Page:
The regeneration of King’s Lynn’s medieval Hanse House could be completed by the spring, it emerged last night.

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It is also hoped the bar, covered market, shops and offices in the complex, which stands between the River Ouse and Lynn Minster, could be officially opened by the Prince of Wales in April.

It comes after the plans for the Hanse House revamp were approved by West Norfolk councillors in August last year.

Kirsty Gauntley, general manager at Hanse House, hopes the market will be open seven days a week and will be packed with locally produced items.

She said: “The work is ongoing but everything is moving along, progressing different elements at different times.

“We’ve got some office space office already occupied and currently there is a lot of work going on in the bistro area.

“Everything is being done in stages but we hope once everything is up and running we will have an official opening.

“It would be great if Prince Charles could do it and we hope it will be officially open in April but we aren’t 100pc sure yet.”

She added: “We are looking for people to come in and run the market and we are hoping for a broad spectrum of traders with local produce.”

Mark and Lindsay Abel, who are currently based at Denver Mill, hope to move to the historic King’s Lynn building to run a café when their lease runs out on the landmark south of Downham Market in May.

Mrs Abel said: “We need to be out of here at the end of May but we are hoping to move to King’s Lynn in April. Nothing has been signed and we don’t have a moving in date because the building work hasn’t finished, but we would be delighted to move to there.”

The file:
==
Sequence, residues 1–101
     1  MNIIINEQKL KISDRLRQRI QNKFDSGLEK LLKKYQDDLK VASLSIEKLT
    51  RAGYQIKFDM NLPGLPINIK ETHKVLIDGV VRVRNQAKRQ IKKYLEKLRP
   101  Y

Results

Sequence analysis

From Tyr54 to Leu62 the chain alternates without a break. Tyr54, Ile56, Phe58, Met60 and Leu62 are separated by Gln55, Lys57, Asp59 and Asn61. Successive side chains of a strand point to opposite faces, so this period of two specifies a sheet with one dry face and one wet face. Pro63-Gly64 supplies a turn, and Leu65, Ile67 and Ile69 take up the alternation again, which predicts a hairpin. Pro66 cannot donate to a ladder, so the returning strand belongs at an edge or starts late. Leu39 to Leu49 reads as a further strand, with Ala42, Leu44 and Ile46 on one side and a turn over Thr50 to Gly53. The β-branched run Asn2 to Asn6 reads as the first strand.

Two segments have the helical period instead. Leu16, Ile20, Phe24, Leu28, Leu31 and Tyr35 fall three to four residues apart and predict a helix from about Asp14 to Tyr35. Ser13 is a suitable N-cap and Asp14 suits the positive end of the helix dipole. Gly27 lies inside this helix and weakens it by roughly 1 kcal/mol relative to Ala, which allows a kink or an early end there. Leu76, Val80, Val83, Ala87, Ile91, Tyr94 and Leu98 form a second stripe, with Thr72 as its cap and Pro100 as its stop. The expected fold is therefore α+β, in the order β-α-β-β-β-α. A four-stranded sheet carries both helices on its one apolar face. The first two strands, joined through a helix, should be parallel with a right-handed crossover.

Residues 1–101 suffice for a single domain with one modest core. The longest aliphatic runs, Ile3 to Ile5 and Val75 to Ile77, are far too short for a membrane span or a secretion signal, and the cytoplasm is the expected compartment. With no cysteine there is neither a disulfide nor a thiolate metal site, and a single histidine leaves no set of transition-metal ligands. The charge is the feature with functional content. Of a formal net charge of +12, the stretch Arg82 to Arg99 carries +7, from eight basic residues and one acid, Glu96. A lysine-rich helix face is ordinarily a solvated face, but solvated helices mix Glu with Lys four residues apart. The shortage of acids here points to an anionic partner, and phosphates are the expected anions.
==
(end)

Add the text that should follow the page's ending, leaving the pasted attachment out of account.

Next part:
Hanse House, which was converted into offices by Norfolk County Council in the 1970s, is the only surviving Hanseatic building in Britain. Medieval merchants built it in 1475 to establish a trading base in the then bustling port of King’s Lynn.

Norfolk County Council bought the building in the 1970s to establish a base in West Norfolk. Renamed St Margaret’s House, it also became a register office until 2009, when the last officials moved out and the building was put up for sale.

Developer James Lee bought the building after Prince Charles visited the Grade I listed property to discuss its future with councillors.

The Prince’s Regeneration Trust, of whom the Prince of Wales is president, and English Heritage endorsed the decision to sell the building to Mr Lee, who lives in Lynn and has worked on a number of development projects in the town in recent years.

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